Answer: fly larvae from the environment, or as Florida Fan said, "agarmyiasis!"
These larvae could have originated from a number of places, including the patient's body, the blood culture bottle, the Mueller-Hinton (M-H) agar (prior to inoculation), and finally, the M-H plate inoculated with patient specimen and growing mixed bacterial and yeast colonies. However, we were able to take a logical approach to narrow the source down to one of TWO options that we felt were most likely - either the uninoculated M-H agar plate, or the plate after it was inoculated with patient specimen. We did NOT think that they came from the patient or the blood culture bottle.
Here are the factors that we considered in this assessment:
1. The patient: As the Old One mentioned, pleural myiasis has been documented in humans - usually in the tropics in unsanitary conditions - but the shape and early instar stage of the larvae are not consistent with your typical robust bot flies, there was no cancerous mass, and, most importantly, the patient's history was NOT supportive of this diagnosis.
The lab also went back to the original blood culture bottle into which the pleural fluid had been inoculated and confirmed that no other larvae were present - thus also supporting that the pleural fluid was not the source of the larvae. To be on the safe side, more of the fluid from the blood culture bottle was inoculated onto a new agar plate and checked them for larvae; none were seen.
2. The blood culture bottle media: this was another possibility, given that the liquid nutrient media in the blood culture bottles could potentially support the growth of fly larvae. Liquid media is made in large batches by the manufacturer and then used to make numerous bottles at once. Thus, we would have possibly seen larvae in other bottles from this same lot of media and the resultant cultures. This was not the case, suggesting that the media was not the source of contamination. Also, as mentioned above, no larvae were seen within the blood culture bottle associated with this case.
3. The Mueller Hinton agar: This was an intriguing possibility given that some agar plates are made by the lab. In this process, the agar is heated to liquid consistency and poured into Petri dishes on the bench top. As Florida Fan mentioned, the lids are left ajar while the agar cools to prevent condensation, during which time a fly could oviposit onto the nice warm agar. HOWEVER, the agar in this case was NOT made by the lab, but instead purchased from a commercial source. The plates were received sealed in a plastic sleeve, and were kept refrigerated until needed. Before inoculation with patient specimen, plates are allowed to come to room temperature with their lids closed. The plates are then inoculated inside of a biosafety cabinet (hopefully without flies!) and closed again. All inoculated plates are placed with their lids on within a closed incubator - again, hopefully keeping flies out.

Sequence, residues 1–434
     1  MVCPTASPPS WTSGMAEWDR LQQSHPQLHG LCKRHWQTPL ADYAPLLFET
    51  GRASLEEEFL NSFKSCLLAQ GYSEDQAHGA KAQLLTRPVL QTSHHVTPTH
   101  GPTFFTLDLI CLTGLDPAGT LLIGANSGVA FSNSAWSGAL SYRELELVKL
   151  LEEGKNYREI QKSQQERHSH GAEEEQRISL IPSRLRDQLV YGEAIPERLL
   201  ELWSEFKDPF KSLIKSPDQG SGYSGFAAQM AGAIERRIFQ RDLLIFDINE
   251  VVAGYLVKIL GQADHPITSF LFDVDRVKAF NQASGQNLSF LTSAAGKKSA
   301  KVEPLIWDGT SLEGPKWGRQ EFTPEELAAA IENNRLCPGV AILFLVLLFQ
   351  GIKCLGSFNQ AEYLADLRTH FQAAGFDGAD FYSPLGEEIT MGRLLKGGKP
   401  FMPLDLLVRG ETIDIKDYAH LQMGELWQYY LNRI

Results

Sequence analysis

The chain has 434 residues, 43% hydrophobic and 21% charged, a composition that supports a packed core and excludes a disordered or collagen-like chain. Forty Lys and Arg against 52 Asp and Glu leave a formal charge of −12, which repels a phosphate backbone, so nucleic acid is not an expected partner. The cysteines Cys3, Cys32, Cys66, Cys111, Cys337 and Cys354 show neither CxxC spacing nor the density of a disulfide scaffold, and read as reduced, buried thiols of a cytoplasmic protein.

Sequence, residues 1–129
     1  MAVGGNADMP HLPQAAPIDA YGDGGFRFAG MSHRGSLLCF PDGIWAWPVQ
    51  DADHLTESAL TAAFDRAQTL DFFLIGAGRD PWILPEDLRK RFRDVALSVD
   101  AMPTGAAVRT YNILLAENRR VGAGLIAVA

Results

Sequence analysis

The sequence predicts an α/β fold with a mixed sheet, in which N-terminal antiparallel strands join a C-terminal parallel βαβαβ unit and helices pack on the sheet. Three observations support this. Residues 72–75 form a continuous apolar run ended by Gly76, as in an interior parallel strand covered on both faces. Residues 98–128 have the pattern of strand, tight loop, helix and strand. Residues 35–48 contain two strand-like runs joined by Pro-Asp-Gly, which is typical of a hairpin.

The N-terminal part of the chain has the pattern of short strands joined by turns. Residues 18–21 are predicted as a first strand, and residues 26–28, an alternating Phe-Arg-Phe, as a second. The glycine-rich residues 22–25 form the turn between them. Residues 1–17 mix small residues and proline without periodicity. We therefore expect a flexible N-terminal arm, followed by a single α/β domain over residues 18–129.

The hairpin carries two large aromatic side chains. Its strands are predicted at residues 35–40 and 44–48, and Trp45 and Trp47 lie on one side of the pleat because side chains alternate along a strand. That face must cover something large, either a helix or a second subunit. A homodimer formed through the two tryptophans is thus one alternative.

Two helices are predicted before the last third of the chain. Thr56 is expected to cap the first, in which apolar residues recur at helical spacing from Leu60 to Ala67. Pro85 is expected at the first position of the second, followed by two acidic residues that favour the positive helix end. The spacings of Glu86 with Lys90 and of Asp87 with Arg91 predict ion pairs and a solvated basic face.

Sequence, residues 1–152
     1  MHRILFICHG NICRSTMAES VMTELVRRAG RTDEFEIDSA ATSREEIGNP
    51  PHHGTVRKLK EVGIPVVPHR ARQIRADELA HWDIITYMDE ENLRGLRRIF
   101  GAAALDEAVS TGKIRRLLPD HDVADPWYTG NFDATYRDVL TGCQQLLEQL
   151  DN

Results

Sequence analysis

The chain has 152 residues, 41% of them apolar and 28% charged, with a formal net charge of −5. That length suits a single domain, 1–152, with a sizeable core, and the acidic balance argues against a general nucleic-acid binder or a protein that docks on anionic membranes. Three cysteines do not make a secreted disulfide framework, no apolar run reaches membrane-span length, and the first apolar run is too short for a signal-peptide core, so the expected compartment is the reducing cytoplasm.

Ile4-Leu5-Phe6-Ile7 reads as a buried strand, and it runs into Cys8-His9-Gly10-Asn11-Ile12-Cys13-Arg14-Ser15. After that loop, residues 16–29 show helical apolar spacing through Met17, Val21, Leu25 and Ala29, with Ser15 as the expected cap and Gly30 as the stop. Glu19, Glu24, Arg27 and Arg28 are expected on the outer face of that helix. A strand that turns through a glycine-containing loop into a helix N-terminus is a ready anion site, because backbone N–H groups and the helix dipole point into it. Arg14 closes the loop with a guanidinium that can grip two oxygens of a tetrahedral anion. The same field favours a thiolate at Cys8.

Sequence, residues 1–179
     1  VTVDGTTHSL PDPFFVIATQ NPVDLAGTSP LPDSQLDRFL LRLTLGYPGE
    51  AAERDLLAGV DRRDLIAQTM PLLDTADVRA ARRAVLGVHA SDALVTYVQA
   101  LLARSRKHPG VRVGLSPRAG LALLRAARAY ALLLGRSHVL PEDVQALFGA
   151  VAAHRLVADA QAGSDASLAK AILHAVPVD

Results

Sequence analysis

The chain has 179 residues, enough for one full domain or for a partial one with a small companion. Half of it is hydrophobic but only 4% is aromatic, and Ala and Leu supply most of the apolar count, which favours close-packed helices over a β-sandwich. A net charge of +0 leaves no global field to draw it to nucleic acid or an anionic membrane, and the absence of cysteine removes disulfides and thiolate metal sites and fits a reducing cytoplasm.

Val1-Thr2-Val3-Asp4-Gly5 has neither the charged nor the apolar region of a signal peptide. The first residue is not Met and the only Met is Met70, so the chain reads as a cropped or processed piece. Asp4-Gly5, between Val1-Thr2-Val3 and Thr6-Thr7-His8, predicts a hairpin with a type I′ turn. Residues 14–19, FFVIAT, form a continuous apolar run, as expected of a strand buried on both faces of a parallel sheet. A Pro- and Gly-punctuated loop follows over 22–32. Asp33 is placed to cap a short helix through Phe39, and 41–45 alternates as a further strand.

So could have the contamination occurred at the manufacturer, with the eggs remaining dormant on the refrigerated plates until they were inoculated and incubated? It's definitely plausible! If the adult fly only laid eggs on a single plate, then we wouldn't expect to see contamination of other plates in this batch (again, we checked other plates from this lot of media, and no additional larvae were seen).
4. The agar plate with bacteria: We finally came to the M-H plate itself with its abundant growth of bacteria and yeast from the patient specimen. This was an older growth plate - 3 days - and during the time in the lab, it had been opened numerous times by multiple technologists. At 3 day, it was sitting in a bin on the bench top while the yeast was being worked up further. So could a fly have gotten in there at some point to lay eggs, and perhaps munch on the nice tasty microorganisms? This is another plausible scenario, and probably the most likely.
Whew! My apologies for the long explanation. Please let me know if I forget any other potential avenue for contamination. At the end of the day, the most important conclusion from this case was that the larvae did not come from the patient (who has now recovered with antimicrobial treatment) and that the source was likely environmental. We did try to identify the genus of the larvae, but they were very small (~2 mm long) and only in their second instar, thus making it difficult to provide an ID.